A flat meringue mixture may occasionally be revived. The key ingredient is whisking the egg whites.

According to Nigella, the egg whites are often not whisked well enough before adding the sugar. She suggests whisking the whites first, then adding a tablespoon of sugar and whisking the whites back to medium peaks before adding the remainder of the sugar.

One enthusiastic member of the Food52 hotline even tried, and it worked: She whisked a fresh egg white to stiff peaks, then carefully added the unsuccessful concoction, and voilà!

Why Is My Baked Meringue Flat?

As previously stated, the meringue mixture is not the only one that may be flat. A cooked meringue may also crumble. Here are a few reasons why your cooked meringue may fail:

  • You didn’t bake it for long enough.
  • The oven temperature is set too low. When you observe liquid condensation beads on top of your meringue, it’s an indication that your oven’s temperature has to be raised.
  • The air is very humid. As much as possible, create meringue on a dry day, since dampness in the air may cause your cooked meringue to flatten.
  • If you remove it from the oven shortly after baking, your meringue may collapse. Since meringue collects more moisture from the air on a humid day, it must be cooled inside the turned-off oven first.
  • During the baking process, you opened the oven door.

Final Thoughts

Whether you’re making basic meringues for the kids or a sophisticated pavlova, make sure you follow all of the required rules and requirements. Making a good meringue is similar to caring for a baby: it requires gentle handling.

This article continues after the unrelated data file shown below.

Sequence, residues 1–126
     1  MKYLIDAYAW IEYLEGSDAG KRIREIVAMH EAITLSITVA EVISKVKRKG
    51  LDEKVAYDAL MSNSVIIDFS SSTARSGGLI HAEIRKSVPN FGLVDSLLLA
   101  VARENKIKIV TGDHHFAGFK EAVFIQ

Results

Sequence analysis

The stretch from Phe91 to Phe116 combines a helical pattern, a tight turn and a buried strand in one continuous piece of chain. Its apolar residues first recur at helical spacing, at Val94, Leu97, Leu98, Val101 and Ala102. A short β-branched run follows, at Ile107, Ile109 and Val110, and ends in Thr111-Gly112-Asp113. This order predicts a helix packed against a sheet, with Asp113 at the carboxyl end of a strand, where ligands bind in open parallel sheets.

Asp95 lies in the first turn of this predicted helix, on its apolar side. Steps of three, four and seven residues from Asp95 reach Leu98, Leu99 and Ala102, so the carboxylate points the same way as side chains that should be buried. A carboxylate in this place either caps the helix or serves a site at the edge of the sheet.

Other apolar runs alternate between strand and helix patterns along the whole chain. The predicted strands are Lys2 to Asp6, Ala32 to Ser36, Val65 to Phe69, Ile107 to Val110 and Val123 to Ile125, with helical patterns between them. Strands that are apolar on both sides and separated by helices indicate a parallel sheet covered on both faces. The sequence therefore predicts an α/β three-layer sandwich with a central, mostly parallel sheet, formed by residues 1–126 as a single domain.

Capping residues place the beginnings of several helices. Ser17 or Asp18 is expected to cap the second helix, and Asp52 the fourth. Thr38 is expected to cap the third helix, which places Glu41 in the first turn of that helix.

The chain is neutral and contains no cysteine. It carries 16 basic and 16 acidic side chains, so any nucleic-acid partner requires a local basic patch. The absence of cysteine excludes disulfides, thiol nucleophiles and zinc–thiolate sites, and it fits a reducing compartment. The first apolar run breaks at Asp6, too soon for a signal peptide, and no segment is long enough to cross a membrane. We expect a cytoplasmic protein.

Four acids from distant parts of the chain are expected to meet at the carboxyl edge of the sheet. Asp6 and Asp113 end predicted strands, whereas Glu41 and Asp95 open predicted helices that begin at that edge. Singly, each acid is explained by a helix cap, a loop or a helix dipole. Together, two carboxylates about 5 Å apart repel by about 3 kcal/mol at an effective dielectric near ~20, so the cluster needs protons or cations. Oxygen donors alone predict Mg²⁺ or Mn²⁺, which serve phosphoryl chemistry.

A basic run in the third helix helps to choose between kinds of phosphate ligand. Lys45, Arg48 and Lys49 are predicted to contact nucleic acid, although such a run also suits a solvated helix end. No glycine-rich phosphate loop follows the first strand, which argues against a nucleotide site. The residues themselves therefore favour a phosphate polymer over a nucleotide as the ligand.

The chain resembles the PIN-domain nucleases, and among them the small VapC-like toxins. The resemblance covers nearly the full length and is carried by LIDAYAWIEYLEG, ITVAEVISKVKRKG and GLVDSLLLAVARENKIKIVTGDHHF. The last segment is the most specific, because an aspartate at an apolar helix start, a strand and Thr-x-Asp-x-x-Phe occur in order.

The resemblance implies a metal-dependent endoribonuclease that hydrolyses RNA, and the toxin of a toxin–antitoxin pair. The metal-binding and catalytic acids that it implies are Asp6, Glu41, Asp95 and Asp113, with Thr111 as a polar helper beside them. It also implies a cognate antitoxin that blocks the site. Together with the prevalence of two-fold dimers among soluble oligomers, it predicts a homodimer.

How do you keep meringues from going flat?

It is preferable not to prepare meringue on a rainy or damp day. The moisture in the air will lead the sugar to absorb it, resulting in a flat mixture. If you must bake on a humid day, adding 1 teaspoon of cornstarch to the sugar will make a difference.

What causes meringue to flatten?

Older egg whites do not retain air bubbles as effectively as fresher whites, causing them to collapse. A more prevalent cause of collapse is when whites are pounded too fast (at too high a pace), creating large unstable air bubbles that will subsequently collapse.

Can you save deflated meringue?

Overworked whites will crumble. To resurrect them, whisk 1 egg white until foamy, then gently fold into overbeaten whites until glossy and wet.

How do you keep meringues fluffy?

To assist stabilize the foam and make it less prone to collapse, a tiny quantity of cream of tartar or vinegar may be added to the mixture at the start of whipping. Plastic dishes should be avoided because they may retain a film of fat from previously combined or stored substances, which will collapse the meringue.

What are the three rules for making a successful meringue?

Making Perfect Meringues
Cold eggs, hot start…
Weighing to go…
The race is won by the slow and steady…
Peaks that are flawless…
A sliver of an egg…
It’s oily good.
The finest bowl ever…
Solid and sturdy.
More to come…
•Jun 7, 2022

Why isn’t my meringue getting fluffy?

One of the most frequent errors is not beating the eggs long enough or at a slow enough pace, which results in the egg whites not reaching a stiff peak stage and instead becoming sloppy and drooping.

What happens if you over whip meringue?

If you overwhip the egg whites, they will become too stiff and will lose the moisture that they carry. This will reduce the crispness of your meringue and make it more prone to collapse or leak sugar pearls.

How do you firm up meringue?

8 teaspoon cream of tartar before beating each egg white—an it’s acid that helps to solidify the egg white. Add 1 for the strongest and most stable meringue.

What gives meringue stability?

Acid. An acid, whether vinegar, lemon juice, cream of tartar, or a mixture, can substantially strengthen the structure of the meringue. Acid not only speeds up the whipping and aeration of meringue, but it also keeps it stable. Meringue is more prone to collapse without acid, either during or after mixing.

How do you fix meringue that won’t stiffen?

When possible, make your meringues on a bright, dry day. If your meringues are still sticky, return them to the oven for another 10 minutes to crisp them. On a humid day, add 1 teaspoon cornstarch to the sugar to help keep your meringues dry.